Here is a recent question:
Hopefully you can help me out here. I was one of the unfortunate ones that purchased a home in January of 2006. The home was purchased in Floida (Palm Beach County) and I homesteaded there in March of 2007. Due to the economic downturn, the company I was working for went out of business and I was unable to find adequate employment in South Florida. My house lost 50% of its value so I was unable to sell the property without going through a short sale. I am currently living in New Hampshire and am closing on my property in Florida next week. I have an 80/20 mortgage on this property. The first mortgage is roughly $480,000 and the second is roughly $120,000. The house is being sold for $310,000. I am paying $20,000 to the first lein holder who is in turn paying the second lein holder $16,000. Both the first and second lein holders have stated that they are forgiving me of the remaining debt but will be sending me a 1099-C. I had heard at one point last year that the government was forgiving homeowners that had to do a short sale on their primary home. Is this the case? Will I need to pay taxes on the forgiven amount (roughly $300,000)? Where can I find out more information on this?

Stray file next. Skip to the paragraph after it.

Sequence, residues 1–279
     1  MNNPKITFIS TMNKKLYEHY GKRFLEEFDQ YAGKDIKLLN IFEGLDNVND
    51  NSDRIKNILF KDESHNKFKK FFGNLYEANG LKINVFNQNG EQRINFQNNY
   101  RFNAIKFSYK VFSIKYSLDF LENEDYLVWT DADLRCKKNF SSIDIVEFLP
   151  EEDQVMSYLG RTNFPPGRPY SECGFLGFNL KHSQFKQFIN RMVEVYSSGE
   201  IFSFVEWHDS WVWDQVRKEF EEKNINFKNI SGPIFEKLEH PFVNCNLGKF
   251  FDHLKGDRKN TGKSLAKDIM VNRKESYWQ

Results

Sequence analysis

You’ll probably want to review Publication 4681, available online from irs.gov.
If the loans were qualified mortgage indebtedness, (which means you haven’t refinanced and pulled out other cash & you lived in the homes for 2 of the previous 5 years) then most likely you will NOT have tax due on this cancellation of debt (COD). Because this happened in Florida, which doesn’t have a state income tax, you don’t have to worry about state law either.
For others, not all states adopted the 2007 Act that gave us the exclusion on COD income for principal residences. The exclusion is only through 2011, but you’re well within that time limit as well.
The one thing you MUST do is include a Form 982 with your tax return in the year that you receive the Form 1099-C. If you don’t, you’re telling the IRS that the COD income will be subject to tax.